The first cohort of churches completed the program in 2020, allowing for an initial evaluation of the longitudinal changes in participants scores. When all three cohorts have reached the end of the program cycle, there will be a final evaluation. The initial results from Cohort 1 are very promising. Most notably, relationship health and satisfaction increased by nearly one standard deviation among the 188 participants who answered relationship quality questions over the six time points (see Figure 1), and the likelihood of divorce decreased to nearly zero (see Figure 2) among the 172 participants who answered the divorce likelihood items.

Importantly, participants who were at-risk for divorce at the beginning of the program had markedly lower scores at the end of the program. All of these results were statistically significant. Participants’ satisfaction with their parish’s support for their marriage also showed large and statistically significant gains over the course of the program. 

These findings are supported by anecdotal evidence as well. One couple, Juan and Adelita signed up for the AVANCE class, “Romance Perpetuo” as a last effort to save their marriage. The class focuses on commitment, communication, and everlasting love. At the beginning, the couple could not even look at one another, and barely engaged with the online class, standing out because of their obvious unhappiness. After a few weeks, their instructor, a paid Family Bridges staff member, noticed Juan and Adelita started to inch closer to each other and to interact more. As the months progressed, they  engaged more, until one day they sat together with smiles on their faces. In the middle of lockdowns, uncertainty, and unrest, they found peace in their marriage and a renewed commitment to relationship.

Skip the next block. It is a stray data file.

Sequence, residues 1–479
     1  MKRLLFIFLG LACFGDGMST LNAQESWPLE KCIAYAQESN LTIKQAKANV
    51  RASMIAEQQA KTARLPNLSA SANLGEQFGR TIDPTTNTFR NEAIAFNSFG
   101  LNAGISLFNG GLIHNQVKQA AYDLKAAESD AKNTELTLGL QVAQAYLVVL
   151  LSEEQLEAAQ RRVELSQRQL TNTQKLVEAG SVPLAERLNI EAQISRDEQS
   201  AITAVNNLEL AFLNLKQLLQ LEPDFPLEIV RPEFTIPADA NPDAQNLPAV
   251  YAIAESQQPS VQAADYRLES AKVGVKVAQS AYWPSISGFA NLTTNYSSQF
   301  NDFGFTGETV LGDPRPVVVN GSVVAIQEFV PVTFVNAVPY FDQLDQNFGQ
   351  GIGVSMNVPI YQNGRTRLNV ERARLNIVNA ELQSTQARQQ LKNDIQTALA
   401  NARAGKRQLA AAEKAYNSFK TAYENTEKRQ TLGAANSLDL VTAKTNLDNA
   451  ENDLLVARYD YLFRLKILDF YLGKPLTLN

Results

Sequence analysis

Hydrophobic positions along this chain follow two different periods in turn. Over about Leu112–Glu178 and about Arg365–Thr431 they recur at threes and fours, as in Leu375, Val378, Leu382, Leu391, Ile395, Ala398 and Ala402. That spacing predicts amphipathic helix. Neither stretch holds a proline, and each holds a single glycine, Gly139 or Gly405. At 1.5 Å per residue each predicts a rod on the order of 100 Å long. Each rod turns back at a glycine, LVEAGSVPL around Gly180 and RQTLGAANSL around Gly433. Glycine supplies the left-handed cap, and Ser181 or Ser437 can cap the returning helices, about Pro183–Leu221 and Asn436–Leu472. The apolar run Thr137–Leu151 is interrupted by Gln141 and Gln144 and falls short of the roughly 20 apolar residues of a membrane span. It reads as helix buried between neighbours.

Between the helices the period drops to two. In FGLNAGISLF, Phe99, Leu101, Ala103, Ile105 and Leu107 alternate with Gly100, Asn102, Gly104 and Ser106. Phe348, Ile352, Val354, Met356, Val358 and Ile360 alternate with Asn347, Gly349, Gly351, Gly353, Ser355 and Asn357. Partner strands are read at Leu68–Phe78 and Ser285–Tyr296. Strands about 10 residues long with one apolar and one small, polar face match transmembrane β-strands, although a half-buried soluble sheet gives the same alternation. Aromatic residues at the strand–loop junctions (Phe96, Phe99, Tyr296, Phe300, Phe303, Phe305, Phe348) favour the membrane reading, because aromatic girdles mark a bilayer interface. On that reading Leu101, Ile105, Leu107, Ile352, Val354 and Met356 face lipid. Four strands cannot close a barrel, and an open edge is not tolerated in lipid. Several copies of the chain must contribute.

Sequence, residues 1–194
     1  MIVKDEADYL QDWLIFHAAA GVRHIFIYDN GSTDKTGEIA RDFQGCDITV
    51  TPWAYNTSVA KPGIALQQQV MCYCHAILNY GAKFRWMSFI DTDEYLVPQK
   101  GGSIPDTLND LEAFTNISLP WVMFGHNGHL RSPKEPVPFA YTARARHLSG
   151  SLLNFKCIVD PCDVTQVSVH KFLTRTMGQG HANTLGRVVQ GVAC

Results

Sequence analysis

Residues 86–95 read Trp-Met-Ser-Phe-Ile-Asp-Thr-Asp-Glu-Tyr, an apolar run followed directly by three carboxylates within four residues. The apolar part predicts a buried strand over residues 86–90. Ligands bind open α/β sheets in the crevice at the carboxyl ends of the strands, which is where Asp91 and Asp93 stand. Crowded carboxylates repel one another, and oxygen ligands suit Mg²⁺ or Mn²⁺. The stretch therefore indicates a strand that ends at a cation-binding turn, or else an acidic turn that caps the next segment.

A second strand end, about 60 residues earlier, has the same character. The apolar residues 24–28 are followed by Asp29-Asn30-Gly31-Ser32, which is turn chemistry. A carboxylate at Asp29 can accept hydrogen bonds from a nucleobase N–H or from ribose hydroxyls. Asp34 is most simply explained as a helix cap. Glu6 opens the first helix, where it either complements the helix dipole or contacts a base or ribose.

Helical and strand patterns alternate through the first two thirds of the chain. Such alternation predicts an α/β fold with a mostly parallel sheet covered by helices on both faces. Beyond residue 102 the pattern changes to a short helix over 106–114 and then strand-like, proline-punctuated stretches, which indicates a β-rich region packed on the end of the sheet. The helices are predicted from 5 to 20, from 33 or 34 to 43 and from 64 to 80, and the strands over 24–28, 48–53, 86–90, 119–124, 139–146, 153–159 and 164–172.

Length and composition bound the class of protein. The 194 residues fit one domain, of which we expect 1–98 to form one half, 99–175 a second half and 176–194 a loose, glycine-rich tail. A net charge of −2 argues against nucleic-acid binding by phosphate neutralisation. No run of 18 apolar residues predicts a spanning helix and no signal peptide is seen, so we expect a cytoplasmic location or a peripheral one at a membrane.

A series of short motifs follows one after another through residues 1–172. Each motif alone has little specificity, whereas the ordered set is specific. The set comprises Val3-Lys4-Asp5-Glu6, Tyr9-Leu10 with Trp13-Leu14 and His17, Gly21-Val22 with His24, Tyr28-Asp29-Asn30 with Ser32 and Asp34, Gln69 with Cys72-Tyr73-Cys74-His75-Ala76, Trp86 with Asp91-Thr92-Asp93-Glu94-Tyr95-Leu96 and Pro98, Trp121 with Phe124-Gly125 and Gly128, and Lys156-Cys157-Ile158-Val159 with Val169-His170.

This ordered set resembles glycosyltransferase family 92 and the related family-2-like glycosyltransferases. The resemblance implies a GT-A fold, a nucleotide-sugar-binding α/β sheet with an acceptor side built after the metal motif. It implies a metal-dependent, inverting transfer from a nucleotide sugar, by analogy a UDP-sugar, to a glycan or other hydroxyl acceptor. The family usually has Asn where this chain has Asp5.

The Latino church is experiencing a historic boom both in the United States and abroad. However, in both Latin America and the U.S., Hispanic congregations continue to be underfunded and under- resourced. These fledgling congregations need robust marriage and family ministries to bolster and maintain the health of their congregations as families are the fundamental building block of the church. Unfortunately, culturally appropriate marriage and family ministry resources are expensive and rare, making this a significant burden for Hispanic congregations. 

To meet this need, Family Bridges is also bringing the AVANCE model of church leadership and marriage ministry development online with a virtual learning experience called “Casademia.” The hope is that “Casademia” will increase access to marriage and family curricula for under resourced Hispanic churches, while improving marriage, family, and other church health outcomes.

Latino households demonstrate incredible resilience in the face of hardship and distress. Many families are vulnerable in the face of financial, educational, and work-related pressures, as well as unsafe neighborhoods and traumatic experience. The acculturation experience means these challenges are faced in isolation as traditional sources of support often relied upon through extended family and engaged neighborhoods are compromised. Emotional and relational needs against the backdrop of these challenges can overwhelm couples and families. The faith community provides a natural and trusted source of support that can encourage, empower and equip families. AVANCE has positively demonstrated that a collaborative model that seeks to establish a marriage ministry with deep roots and long branches can help strengthen Latinos’ resilience and help families flourish.  

Nancy Scammacca Lewis, Ph.D., is a researcher at the Meadows Center for Preventing Educational Risk at the University of Texas at Austin. Alicia La Hoz is a Licensed Clinical Psychologist and the Founder and CEO of Family Bridges.  

Editor’s Note: The opinions expressed in this article are those of the authors and do not necessarily reflect the official policy or viewpoint of the Institute for Family Studies.